Brother inherits theatre legacy>Joseph Musil theatre models

The Peninsula Gateway (Gig Harbor, Washington)

Wednesday March 9, 2011


Brother inherits theatre legacy

By Susan Schell, The Peninsula Gateway, Gig Harbor, Wash.

March 09–Almost every corner of Bob Musil’s Gig Harbor living room is occupied by colorful, intricately detailed, 3-D models of movie theatres and playhouses. They are the legacy of his late brother, Joseph Musil.

Joseph was a lifelong theatre designer whose work includes the renovation of Los Angeles icons such as the El Capitan Theatre in Hollywood, the Crest Theatre in Westwood, the Universal City Walk Theatre in Studio City and the Long Beach Community Playhouse.

"He was a self-made theatre designer," Bob said. "The models are concept models and working models for restoration projects. Each one has a different mix of ideas."

Some of the models are so lifelike, they have moving set pieces that can be raised or lowered by pullies, mimicking the real-size version. Peering into one of the models is like being an audience member at a lavish miniature production.

When Joseph passed away in July, Bob inherited the models that were on display at the Santa Ana Artist’s Village in California. Joseph called his studio "The Salon of Theatres."

"The models were part of a gorgeous studio," Bob said. "People would go to his studio and just fall over. Every month, the village would have an open house, and he’d give people a tour with lights and music and maybe a short film. Joe was all about presentation. It was his whole thing in life."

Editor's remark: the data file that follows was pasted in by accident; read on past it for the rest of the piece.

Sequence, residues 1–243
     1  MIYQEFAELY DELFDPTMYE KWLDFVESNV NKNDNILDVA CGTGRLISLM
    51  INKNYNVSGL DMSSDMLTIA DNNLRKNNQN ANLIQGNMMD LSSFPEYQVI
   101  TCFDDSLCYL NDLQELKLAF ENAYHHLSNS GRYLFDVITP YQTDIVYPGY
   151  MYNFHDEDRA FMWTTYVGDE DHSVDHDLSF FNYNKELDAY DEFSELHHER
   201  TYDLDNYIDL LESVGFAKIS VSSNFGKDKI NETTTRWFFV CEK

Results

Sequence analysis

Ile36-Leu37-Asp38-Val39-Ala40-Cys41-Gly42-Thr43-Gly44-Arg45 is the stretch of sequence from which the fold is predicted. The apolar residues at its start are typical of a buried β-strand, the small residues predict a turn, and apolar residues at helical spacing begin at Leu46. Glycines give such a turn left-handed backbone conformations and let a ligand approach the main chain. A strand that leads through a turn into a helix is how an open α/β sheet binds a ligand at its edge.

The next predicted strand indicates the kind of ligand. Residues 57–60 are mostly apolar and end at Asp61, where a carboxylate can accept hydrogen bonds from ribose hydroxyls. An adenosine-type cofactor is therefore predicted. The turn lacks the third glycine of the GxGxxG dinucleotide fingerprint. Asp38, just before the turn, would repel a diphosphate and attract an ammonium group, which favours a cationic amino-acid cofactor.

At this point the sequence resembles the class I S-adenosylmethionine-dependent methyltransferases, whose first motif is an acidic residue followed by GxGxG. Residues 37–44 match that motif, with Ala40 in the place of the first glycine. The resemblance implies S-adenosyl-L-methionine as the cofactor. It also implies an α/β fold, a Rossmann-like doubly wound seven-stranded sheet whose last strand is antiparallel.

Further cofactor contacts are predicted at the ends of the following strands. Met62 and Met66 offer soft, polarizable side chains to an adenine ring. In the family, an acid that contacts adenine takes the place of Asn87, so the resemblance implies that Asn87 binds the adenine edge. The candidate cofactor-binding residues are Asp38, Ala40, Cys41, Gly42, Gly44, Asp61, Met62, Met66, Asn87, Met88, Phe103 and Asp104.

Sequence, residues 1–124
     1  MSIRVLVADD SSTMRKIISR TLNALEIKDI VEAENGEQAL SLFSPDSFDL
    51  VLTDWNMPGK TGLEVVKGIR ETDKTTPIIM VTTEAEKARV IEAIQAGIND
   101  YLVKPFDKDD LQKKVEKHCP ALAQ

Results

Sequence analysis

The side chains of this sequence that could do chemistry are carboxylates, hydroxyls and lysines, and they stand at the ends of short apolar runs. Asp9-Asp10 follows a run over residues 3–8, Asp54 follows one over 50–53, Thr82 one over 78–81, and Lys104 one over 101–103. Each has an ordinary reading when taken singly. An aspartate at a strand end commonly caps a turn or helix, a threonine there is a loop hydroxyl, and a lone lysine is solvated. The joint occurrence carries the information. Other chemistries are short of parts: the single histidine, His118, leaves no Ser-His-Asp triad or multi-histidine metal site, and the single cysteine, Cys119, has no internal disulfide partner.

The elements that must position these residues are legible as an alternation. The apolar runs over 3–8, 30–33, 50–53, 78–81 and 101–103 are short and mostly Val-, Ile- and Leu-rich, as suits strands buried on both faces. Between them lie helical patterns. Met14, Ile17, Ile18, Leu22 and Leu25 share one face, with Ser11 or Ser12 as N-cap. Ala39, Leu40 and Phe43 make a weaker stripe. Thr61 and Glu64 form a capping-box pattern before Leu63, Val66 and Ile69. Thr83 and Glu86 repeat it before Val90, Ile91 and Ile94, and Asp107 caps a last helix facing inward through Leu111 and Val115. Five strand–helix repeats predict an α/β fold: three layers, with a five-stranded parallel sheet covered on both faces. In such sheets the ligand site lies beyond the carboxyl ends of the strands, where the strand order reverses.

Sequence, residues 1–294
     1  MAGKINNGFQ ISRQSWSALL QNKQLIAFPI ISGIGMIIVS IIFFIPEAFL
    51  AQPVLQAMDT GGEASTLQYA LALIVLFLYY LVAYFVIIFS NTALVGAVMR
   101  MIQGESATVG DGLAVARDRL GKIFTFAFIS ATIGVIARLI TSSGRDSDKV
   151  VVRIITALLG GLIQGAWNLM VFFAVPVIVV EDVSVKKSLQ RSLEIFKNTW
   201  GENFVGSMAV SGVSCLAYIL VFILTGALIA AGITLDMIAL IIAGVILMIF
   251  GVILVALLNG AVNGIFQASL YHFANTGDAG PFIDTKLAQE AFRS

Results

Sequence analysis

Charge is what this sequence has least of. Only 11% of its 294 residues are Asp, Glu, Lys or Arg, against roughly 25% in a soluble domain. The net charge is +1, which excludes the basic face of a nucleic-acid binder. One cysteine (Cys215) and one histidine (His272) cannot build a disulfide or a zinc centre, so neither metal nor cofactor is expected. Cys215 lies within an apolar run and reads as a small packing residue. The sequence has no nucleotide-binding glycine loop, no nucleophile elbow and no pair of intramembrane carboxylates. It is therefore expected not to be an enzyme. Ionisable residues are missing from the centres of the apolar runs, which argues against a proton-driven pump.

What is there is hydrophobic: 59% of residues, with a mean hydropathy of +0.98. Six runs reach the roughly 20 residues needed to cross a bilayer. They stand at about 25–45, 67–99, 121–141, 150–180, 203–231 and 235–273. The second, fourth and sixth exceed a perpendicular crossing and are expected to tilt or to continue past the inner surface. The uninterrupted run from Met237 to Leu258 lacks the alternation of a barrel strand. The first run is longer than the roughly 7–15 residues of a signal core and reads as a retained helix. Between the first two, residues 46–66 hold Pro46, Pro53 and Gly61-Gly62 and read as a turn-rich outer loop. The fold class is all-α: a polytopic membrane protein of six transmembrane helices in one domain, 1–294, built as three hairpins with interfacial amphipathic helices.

Joseph was part of an old-world concept of having movie and playhouses as pieces of exotic art themselves. He embraced the Art Deco style, and many of his pieces reflect cultural themes with Asian influences.

"He was all about the glam and glitz," Bob said. "He thought that, when people went to the movies, they wanted to get away from the problems of life. He wanted his designs to bring people up. Why would anyone want to walk into a boring building?"

Some Musil-designed buildings are historic landmarks; some have long since burned down or have fallen into disrepair.

Walking among Musil’s theatre models is like having a bird’s-eye view of his life’s work. He even made an artist’s rendering of a theatre for downtown Gig Harbor, but Bob feels it was too lavish for the little fishing village.

The Academy of Motion Picture Arts and Sciences in Los Angeles has expressed an interest in Joseph’s collection. Bob said he wasn’t surprised.

"He was very well-known in the business behind the scenes," Bob said. "They want to recreate his studio for one of their museums."

Bob Musil feels a Hollywood museum would be a fitting place for some of his brother’s work, but he’s undecided on what to do with the whole collection. He spoke about the thriving art community in Gig Harbor and hopes one or more of Joseph’s pieces can find a home here.

"I don’t want them to end up in a Dumpster somewhere," Bob said. "There’s a lot of pent-up energy here. They can always go to the Academy, but it would be nice if someone could get some inspiration from his work here."

Reach Lifestyles Coordinator and reporter Susan Schell at 253-853-9240 or by e-mail at susan.schell

Leave a Comment

You can use these tags: <a href="" title=""> <abbr title=""> <acronym title=""> <b> <blockquote cite=""> <cite> <code> <del datetime=""> <em> <i> <q cite=""> <s> <strike> <strong>


© Theatre Historical Society of America. York Theatre Building • 152 N. York Street, 2nd floor • Elmhurst, IL 60126-2806 • Ph. (630) 782-1800 • Fax (630) 782-1802 • • Copyright © 2013 Theatre Historical Society of America. All rights reserved.